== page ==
#9 Late Nights
A study found that people who stay up late eat an average of 248 more calories than those who go to bed at a sensible time. The food we eat at night tends to be the worst combination of fat and sugar and the body may process calories differently when it thinks it is supposed to be asleep.
It sounds counterintuitive, but doing intense cardio does not cause you to lose weight. That’s because after 20 minutes of cardio, your body starts to burn muscle rather than fat. Instead, opt for high-intensity training, by going hard for one minute and then slowing down for the next. You should also increase your weight training, since bigger muscles burn more calories.
#7 Air Conditioning
Do you blast the AC to feel comfortable? A study in the journal Food Science and Nutrition posits a theory that using air conditioning to keep the body in a special zone of comfort may be at odds with weight loss. Staying cool decreases how many calories the body burns to cool down on its own. Being warmer also tends to decrease your appetite.
#6 Diet Soda
A long study of individuals who drink diet soda found that over a 17-year period, those who frequently drank beverages with artificial sweeteners had a 47 percent bigger increase in body mass index (BMI). Drinks with artificial sweeteners do have less sugar and calories, but the effect still remains. Researchers believe that the diet drinks sharpen your sweet tooth and cause cravings that make you binge on sugar later.
#5 Catching a Cold
Surprisingly, researchers have determined that people who contract a cold because of adenovirus 36 are more likely to be obese than children who were not exposed to it. According to the study published in Pediatrics, out of 124 children, around 80 percent of them were obese.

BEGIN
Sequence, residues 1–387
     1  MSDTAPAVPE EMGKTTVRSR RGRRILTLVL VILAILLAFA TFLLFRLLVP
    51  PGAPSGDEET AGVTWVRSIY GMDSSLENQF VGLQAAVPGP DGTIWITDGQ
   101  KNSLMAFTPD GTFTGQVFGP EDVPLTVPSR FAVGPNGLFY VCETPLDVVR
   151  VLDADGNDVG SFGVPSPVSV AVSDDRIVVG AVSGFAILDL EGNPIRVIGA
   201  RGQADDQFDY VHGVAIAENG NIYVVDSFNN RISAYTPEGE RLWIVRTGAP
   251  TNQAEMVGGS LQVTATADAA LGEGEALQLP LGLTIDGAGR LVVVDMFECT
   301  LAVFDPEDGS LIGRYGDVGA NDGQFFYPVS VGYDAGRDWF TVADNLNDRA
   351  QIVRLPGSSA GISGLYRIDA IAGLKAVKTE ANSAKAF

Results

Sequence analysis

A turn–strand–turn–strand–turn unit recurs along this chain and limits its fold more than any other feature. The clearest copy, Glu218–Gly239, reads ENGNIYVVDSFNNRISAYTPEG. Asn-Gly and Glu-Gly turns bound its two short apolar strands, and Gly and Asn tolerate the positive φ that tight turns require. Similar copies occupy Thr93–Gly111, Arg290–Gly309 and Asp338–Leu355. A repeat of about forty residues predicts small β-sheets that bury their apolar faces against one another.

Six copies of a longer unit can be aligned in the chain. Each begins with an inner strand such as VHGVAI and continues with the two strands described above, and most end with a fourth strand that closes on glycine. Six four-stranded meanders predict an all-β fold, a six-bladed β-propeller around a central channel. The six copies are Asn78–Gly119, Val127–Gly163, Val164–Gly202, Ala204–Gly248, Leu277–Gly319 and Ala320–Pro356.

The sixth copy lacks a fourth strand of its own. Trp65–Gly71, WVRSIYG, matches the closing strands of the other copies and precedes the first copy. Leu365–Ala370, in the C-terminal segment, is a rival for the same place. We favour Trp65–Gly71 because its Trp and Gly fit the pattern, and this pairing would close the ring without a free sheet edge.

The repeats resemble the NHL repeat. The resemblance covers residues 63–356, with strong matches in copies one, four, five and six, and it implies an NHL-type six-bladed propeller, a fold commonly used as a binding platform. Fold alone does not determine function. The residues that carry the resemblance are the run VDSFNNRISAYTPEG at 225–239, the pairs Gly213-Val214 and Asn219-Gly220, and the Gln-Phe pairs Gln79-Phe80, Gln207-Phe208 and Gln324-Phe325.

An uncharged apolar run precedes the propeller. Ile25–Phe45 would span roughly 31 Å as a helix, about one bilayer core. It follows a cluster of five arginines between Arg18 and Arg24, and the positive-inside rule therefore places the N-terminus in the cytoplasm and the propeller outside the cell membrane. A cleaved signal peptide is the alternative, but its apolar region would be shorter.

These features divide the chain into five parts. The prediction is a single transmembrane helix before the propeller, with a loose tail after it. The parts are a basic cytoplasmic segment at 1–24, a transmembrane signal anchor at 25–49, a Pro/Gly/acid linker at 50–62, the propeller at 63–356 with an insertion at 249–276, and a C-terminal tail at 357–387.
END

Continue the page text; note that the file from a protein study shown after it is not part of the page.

#4 Getting Your Tonsils Out
If you haven’t gotten your tonsils out but are thinking about it, consider the study which shows that kids who had their tonsils out gained around 50 more pounds after surgery than those who did not get the surgery. The statistics held for up to seven years’ post-surgery.
#3 Keeping It Light
If you sleep with a light on, it could impact your weight. A study involving mice that was published in the journal Proceedings of the National Academy of Sciences shows that people who sleep in lighted rooms gain more weight even when they eat the exact same amount of calories.
Decades of productivity training have taught people that multi-tasking is the best way to get things done, but is it? An Emory University study found that jumping between tasks was exhausting and used up so much energy that it whittles away at a person’s self-control. Start thinking about single-tasking to keep focused and lose weight.
Scientists have repeatedly proven that environmental factors can increase your weight. Your enemy is anything that disrupts the production of endocrine, like bisphenol A, which comes from plastic. The same is true of pesticides.